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Early struggles continue as Terriers knock ‘Cats in overtime

UNH (1-5-2, 1-2-1) faced off against Boston University (2-4-2, 2-2-1) on the second night of a back to back after losing to UMass Lowell in overtime.
In a sloppy first period riddled with power plays, both UNH and BU had ample scoring opportunities in a high-octane first period.
BU started the scoring at 5:55 with a goal from junior defenseman Chad Krys on a slap shot from just inside the blue line. Krys was assisted by first-year forward Joel Farabee and junior defenseman Dante Fabbro.
At 9:17 of the first period, UNH scored an equalizing goal by senior left-wing Ara Nazarian. Nazarian’s positioning scored him the goal, as he caught the puck off a rebound in front of the net and proceeded to tap it in. Nazarian was assisted by sophomore defenseman Max Gildon and sophomore right-wing Charlie Kelleher. This goal was scored on a UNH power play.
Soon afterwards, sophomore left-wing Kohei Sato was charged with a two-minute minor for too many men on the ice. BU scored on the ensuing power play with a goal from sophomore forward Shane Bowers.
BU won the shots battle in the first period, edging out the Wildcats 12-7.
Early in the second period, UNH had multiple scoring chances yet failed to convert due to costly turnovers. The ‘Cats turned it over in every way possible, mishandling the puck, passing it out of the zone, and falling victim to BU poke checks.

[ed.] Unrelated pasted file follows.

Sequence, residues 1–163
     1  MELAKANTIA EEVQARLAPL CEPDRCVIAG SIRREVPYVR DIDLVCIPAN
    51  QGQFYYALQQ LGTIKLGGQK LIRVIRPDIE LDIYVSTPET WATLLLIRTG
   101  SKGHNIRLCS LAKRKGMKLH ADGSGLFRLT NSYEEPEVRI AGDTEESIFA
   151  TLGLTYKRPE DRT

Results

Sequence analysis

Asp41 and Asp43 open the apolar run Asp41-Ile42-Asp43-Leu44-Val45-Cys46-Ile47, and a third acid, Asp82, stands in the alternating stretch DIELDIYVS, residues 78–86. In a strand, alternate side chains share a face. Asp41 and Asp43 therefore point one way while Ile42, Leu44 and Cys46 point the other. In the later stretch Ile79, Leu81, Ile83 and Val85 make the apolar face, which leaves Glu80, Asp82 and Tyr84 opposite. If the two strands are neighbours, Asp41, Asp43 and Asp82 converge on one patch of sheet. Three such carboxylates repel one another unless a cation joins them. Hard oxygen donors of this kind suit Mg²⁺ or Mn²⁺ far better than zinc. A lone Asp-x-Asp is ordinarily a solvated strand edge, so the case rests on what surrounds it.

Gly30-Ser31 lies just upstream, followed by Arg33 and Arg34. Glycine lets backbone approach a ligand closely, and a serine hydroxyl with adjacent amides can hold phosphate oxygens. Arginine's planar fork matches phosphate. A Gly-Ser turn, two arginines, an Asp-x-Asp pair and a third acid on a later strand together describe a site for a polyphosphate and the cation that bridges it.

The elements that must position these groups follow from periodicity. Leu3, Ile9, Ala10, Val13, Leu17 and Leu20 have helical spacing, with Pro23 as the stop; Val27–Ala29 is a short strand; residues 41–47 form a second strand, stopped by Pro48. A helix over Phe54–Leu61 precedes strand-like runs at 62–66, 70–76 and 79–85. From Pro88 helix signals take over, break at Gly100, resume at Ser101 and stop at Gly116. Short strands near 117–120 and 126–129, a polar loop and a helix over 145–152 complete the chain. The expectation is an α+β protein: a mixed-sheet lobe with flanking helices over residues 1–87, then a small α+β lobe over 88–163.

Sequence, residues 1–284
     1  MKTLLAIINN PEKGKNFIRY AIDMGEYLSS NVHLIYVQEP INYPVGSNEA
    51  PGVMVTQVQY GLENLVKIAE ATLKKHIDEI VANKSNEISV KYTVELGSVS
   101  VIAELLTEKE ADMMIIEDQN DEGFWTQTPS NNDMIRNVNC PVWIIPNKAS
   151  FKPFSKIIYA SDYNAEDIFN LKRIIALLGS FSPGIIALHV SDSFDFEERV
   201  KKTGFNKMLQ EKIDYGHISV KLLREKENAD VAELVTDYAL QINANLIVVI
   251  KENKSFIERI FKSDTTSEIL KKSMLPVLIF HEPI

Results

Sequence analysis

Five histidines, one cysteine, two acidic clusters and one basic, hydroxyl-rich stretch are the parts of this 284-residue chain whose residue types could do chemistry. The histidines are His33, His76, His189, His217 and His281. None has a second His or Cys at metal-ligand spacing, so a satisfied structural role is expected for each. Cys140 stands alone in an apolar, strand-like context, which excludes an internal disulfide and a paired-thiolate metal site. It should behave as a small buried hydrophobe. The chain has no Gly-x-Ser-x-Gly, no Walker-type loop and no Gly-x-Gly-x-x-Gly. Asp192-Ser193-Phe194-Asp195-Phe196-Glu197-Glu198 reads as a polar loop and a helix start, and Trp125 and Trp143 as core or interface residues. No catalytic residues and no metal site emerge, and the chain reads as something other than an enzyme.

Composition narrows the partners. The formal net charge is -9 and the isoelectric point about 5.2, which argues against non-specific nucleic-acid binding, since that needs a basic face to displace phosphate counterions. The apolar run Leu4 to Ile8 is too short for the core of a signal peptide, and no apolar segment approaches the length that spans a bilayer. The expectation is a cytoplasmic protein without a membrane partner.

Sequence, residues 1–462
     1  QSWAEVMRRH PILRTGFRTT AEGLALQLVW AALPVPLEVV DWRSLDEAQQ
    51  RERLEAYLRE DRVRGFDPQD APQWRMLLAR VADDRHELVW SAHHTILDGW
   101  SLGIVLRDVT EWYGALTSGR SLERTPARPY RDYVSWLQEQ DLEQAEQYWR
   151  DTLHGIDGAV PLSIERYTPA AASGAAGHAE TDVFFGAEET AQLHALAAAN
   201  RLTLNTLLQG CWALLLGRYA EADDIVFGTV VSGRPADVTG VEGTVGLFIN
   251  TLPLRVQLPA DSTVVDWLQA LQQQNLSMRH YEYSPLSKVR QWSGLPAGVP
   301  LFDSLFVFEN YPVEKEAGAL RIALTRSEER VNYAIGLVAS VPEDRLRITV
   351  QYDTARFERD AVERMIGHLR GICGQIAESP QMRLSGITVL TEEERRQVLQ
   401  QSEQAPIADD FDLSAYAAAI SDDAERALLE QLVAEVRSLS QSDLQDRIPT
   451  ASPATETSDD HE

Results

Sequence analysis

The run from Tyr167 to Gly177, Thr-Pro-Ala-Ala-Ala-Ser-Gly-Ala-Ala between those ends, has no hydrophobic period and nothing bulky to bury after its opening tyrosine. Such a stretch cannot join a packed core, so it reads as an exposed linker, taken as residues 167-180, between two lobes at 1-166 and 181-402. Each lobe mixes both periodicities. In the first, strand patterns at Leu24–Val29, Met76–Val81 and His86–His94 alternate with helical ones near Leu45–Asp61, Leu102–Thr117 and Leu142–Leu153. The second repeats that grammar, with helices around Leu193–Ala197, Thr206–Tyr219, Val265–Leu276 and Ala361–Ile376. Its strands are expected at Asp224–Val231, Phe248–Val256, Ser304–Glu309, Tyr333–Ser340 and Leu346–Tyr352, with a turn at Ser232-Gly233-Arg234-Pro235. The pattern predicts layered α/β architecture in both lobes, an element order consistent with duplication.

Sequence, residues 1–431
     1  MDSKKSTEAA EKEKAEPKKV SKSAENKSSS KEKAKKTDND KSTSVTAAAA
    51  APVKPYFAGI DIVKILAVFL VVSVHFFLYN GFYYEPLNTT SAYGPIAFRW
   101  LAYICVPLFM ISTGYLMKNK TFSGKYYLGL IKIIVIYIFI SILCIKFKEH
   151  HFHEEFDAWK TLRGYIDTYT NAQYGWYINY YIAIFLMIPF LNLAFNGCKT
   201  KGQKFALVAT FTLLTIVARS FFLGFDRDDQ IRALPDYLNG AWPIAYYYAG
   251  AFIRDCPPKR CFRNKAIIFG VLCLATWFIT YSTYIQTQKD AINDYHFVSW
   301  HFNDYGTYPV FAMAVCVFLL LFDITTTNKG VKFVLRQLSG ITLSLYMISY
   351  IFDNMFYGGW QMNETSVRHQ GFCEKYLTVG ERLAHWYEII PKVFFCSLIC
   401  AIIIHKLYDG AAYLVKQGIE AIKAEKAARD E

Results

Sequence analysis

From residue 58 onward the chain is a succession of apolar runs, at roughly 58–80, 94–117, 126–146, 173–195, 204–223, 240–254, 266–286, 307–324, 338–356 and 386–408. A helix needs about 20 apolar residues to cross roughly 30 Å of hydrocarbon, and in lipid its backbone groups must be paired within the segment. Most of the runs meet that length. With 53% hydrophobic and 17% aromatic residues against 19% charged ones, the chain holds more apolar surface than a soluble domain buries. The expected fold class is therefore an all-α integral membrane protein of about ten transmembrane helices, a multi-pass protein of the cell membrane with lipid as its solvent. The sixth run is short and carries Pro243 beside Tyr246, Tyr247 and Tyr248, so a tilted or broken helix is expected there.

UNH converted on a two-on-one goal by first-year center Jackson Pierson. The goal was scored at 14:05. Pierson’s goal tied the game at two and the score remained stagnant for the remainder of the period.
A theme of this match was penalties. UNH had seven penalties to BU’s four, and the Wildcats paid for it.
“We have to stay out of the box… Boston University is going to force you to reach and grab because they are so skilled and fast,” said UNH Head Coach Mike Souza on the penalties.
Both team’s penalty kills were effective, but only to an extent as 14 minutes of the game were UNH penalty minutes.
In the third period, UNH was able to get the puck into BU’s zone, although play after play the Wildcats would manage to lose the puck whether a BU player stole it or the UNH player simply did not anticipate the puck coming to them.
After a scoreless third, overtime ensued. 2:04 into overtime, BU’s Farabee was called on a two-minute minor for hooking, giving the Wildcat’s an overtime power play.
In similar fashion to the rest of the game, UNH lost the puck on a missed pass and BU took it and scored a short-handed game- winning breakaway goal by Bowers, his second of the game.
Souza commented on the game-winning goal. “I could not tell you the last time I saw a game in college or a game I have been a part of end on a shorthanded overtime goal” said Souza.
UNH played a decent game, as they went punch for punch with the Terriers.
The Wildcats simply turned the puck over too often and they beat themselves at the end of the game.
After the game Souza had some comments on his teams play. “Well obviously that one stings a lot. I thought our kids competed as hard as they have all year… we tried to play a structured game and tried to be as detailed as we could, but they made one more play than us.”
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